In both the PMN and endothelial cell models, extracellularly generated O2•− results in an intracellular signaling response. How is this response initiated, because the plasma membrane represents an obvious barrier to the free diffusion of O2•−? Superoxide in solution dismutes to H2O2 with a rate constant of ~105 M−1s−1 at pH 7; extracellular superoxide dismutase (if present) can increase the rate of O2•− dismutation by ~4 orders of magnitude. Thus, the lifetime and potential diffusion distance for O2•− will be very short, estimated at 0.5μm (44), and it seems likely that a reaction product of superoxide (i.e., H2O2) rather than the anion itself is responsible for initiating the signaling response (Fig. 2). H2O2 is relatively stable in solution and readily crosses cell membranes, where it could initiate the signaling cascade through a variety of redox-mediated reactions such as the oxidation of protein sulfhydryl moieties (18). Although the plasma membrane has been assumed to be freely permeable to H2O2, current evidence suggests that, similar to H2O, the pathway for H2O2 diffusion is through aquaporin channels (5). The selectivity of these channels for H2O2 is not known but could possibly influence the signaling response. The intracellular concentration of H2O2 is regulated through enzymatic scavenging by peroxiredoxins, glutathione peroxidases, and catalase.
Support for H2O2 as the mediator of signal transduction has been gained from experiments in which scavengers of ROS were added to the extracellular milieu. Thus, the signaling cascade is relatively unaffected by the presence of superoxide dismutase, which converts O2•− to H2O2, but is abrogated by the presence of catalase or other H2O2 scavengers (46). Additional possibilities for the signal transducer include other products formed from O2•−, such as •OH from its interaction with H2O2, peroxynitrite (ONOO-) from its interaction with •NO, or oxidized membrane components including lipid hydroperoxides or protein carbonyls. However, all of these more likely represent toxic by-products of superoxide generation rather than physiologic signaling molecules (27).
The hypothesis that H2O2 represents the signal transducer for extracellularly generated O2•− is compatible with results after the addition of exogenous H2O2 to cells (56). The pitfalls (and strengths) of this approach have been reviewed, and the properties of H2O2 that coincide with the theoretic requirements for a second-messenger function have been described (17, 27): (a) H2O2 is produced enzymatically; (b) its concentration is effectively regulated through rapid removal by various enzymes with specificity for H2O; (c) a steep gradient of H2O2 emanates from its site of production; and (d) H2O2 is relatively specific in its biochemical sites of action. A major caveat is that past studies frequently have relied on supraphysiologic concentrations of exogenous H2O2 for studies of cellular activation, but more recent studies using concentrations of H2O2 within the physiologic range have confirmed many of the previous observations (17, 27, 56).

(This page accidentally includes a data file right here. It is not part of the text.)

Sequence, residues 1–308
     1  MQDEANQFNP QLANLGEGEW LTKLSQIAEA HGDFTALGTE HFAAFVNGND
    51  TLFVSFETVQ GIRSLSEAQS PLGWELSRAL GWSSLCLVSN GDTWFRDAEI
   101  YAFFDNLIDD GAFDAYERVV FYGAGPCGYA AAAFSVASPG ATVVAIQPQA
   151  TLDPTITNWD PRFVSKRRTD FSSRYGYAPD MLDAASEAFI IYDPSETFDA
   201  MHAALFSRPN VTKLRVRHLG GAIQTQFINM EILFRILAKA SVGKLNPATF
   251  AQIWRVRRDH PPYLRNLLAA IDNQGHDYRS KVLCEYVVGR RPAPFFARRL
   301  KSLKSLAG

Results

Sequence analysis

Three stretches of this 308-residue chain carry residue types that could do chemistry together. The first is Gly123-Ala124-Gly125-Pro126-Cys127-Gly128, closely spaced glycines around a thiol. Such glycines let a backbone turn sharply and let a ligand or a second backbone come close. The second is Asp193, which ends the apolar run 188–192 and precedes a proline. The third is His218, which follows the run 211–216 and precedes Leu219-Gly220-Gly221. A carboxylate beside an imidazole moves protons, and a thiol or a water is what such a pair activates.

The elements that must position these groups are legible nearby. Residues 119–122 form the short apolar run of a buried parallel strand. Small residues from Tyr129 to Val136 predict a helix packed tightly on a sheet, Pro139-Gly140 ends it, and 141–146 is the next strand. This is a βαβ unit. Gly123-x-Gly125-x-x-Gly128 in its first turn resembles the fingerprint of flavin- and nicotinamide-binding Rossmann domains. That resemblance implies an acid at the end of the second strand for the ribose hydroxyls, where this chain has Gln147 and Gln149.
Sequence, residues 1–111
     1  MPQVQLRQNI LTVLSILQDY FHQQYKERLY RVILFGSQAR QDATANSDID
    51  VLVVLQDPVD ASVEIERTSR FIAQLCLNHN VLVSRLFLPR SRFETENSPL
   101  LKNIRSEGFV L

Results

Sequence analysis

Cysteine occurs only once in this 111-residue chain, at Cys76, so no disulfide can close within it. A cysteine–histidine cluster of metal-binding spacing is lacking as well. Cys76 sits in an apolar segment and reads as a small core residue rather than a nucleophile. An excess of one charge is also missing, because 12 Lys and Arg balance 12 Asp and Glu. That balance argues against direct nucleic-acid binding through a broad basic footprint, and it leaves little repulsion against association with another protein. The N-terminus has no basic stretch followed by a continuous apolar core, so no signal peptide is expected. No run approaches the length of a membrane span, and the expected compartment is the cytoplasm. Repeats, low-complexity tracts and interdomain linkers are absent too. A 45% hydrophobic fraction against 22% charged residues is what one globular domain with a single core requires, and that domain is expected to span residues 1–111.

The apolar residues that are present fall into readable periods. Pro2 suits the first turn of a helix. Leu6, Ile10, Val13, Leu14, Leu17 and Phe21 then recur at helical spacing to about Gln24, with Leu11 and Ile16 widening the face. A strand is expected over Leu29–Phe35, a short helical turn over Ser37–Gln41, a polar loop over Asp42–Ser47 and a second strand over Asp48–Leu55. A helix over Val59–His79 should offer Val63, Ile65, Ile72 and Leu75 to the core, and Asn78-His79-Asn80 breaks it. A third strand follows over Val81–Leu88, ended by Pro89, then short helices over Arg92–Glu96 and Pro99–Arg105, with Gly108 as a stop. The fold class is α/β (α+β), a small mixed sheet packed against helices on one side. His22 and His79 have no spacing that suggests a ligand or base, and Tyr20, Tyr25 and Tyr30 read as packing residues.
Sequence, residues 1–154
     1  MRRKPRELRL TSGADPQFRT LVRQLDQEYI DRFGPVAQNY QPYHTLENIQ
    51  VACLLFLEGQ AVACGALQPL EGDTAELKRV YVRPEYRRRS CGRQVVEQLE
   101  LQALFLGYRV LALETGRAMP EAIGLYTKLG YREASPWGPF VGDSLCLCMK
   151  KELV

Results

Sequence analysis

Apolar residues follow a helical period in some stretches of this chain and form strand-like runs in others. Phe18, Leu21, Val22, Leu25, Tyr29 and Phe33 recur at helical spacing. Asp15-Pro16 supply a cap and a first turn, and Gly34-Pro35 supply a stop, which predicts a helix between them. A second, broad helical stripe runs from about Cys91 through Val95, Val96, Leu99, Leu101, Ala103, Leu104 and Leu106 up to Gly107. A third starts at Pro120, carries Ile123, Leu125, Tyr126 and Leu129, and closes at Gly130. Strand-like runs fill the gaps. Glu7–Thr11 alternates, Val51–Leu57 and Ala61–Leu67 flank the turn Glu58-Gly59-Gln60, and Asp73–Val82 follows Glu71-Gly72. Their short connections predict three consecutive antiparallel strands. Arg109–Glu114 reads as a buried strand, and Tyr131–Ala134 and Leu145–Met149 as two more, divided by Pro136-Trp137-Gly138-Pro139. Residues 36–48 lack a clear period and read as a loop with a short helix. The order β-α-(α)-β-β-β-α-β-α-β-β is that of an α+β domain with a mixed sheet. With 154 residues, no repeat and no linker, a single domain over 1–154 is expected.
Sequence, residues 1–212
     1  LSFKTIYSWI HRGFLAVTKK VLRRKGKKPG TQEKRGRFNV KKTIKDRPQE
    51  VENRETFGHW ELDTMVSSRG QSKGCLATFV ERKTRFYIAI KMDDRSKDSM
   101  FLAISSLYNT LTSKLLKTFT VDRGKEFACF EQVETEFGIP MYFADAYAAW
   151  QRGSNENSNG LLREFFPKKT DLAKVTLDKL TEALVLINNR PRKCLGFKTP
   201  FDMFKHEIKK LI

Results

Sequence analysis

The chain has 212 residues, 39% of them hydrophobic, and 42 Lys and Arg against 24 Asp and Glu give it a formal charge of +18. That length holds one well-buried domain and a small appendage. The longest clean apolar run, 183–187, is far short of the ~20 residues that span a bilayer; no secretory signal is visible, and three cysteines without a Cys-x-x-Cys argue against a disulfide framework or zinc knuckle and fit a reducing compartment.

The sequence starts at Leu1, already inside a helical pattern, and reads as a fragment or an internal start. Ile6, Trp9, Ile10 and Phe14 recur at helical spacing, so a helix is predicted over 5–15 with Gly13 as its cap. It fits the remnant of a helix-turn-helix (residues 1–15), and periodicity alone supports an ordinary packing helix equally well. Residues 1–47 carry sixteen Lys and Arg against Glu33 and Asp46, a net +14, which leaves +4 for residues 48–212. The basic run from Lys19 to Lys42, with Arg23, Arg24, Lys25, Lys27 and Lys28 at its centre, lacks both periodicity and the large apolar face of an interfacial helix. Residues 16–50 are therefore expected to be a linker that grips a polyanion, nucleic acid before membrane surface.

Although H2O2 is now generally accepted as a signaling molecule and specifically as the second messenger related to NADPH oxidase activity, several studies have suggested that O2•− also may operate in this context. Further, O2•− and H2O2 may have different and discrete signaling roles. For example, O2•− added to intact HEPG2 cells results in cytochrome c release from mitochondria, an index of programmed cell death or apoptosis, an effect that was not seen with equivalent concentrations of H2O2 (37). In these experiments, pretreatment with a SOD-mimetic abolished the effect of O2•−, indicating that H2O2 produced by dismutation was not responsible for the observed results. As another example, T-cell receptor–stimulated activation of the FAS ligand promoter was dependent on O2•− but independent of H2O2; the activation was blocked by an SOD-mimetic but was unaffected by enzymes that scavenge H2O2 (13).
Finally, extracellular O2•− (generated by activated alveolar macrophages) has been shown to evoke a large intracellular Ca2+ transient in endothelial cells associated with activation of inositol 3-phosphate (IP3) receptors (38). This latter response was inhibited by SOD and was not reproduced by the addition of H2O2. The differential signaling function of O2•− and H2O2 in higher organisms recaps similar observations in bacteria in which the SoxR transcription factor appears to be an O2•−-specific sensor, whereas the Oxy-R transcription factor is sensitive to H2O2 (9). This has been explained as a result of differential chemistry in which H2O2 modification of proteins is primarily through oxidation of sulfhydryl groups, whereas O2•− specifically reacts with iron-sulfur clusters related to high electrostatic attraction (9).